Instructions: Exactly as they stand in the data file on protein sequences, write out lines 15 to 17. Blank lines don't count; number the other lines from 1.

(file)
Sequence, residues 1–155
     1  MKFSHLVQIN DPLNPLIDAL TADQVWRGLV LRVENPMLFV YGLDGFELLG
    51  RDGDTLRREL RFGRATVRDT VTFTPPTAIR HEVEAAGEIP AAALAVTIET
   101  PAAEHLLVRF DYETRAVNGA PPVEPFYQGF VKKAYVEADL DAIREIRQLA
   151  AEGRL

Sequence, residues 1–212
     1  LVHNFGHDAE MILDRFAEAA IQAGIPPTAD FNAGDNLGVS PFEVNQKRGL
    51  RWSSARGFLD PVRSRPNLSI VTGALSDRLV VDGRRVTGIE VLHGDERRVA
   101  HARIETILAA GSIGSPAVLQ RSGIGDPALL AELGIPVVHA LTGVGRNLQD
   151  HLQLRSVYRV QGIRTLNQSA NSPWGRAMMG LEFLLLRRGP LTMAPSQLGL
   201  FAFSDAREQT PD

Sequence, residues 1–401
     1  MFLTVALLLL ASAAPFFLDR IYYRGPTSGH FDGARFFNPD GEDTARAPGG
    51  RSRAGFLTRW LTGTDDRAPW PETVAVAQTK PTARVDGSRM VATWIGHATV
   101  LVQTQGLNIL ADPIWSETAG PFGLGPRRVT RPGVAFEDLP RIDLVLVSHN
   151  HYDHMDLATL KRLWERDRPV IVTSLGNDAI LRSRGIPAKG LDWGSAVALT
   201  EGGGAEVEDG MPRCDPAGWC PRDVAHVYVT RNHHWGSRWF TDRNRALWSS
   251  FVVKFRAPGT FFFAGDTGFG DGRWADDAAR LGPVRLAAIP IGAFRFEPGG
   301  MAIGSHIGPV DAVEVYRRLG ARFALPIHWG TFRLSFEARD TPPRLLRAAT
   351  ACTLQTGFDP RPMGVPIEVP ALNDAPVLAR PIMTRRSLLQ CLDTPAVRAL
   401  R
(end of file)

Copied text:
   101  LVQTQGLNIL ADPIWSETAG PFGLGPRRVT RPGVAFEDLP RIDLVLVSHN
   151  HYDHMDLATL KRLWERDRPV IVTSLGNDAI LRSRGIPAKG LDWGSAVALT
   201  EGGGAEVEDG MPRCDPAGWC PRDVAHVYVT RNHHWGSRWF TDRNRALWSS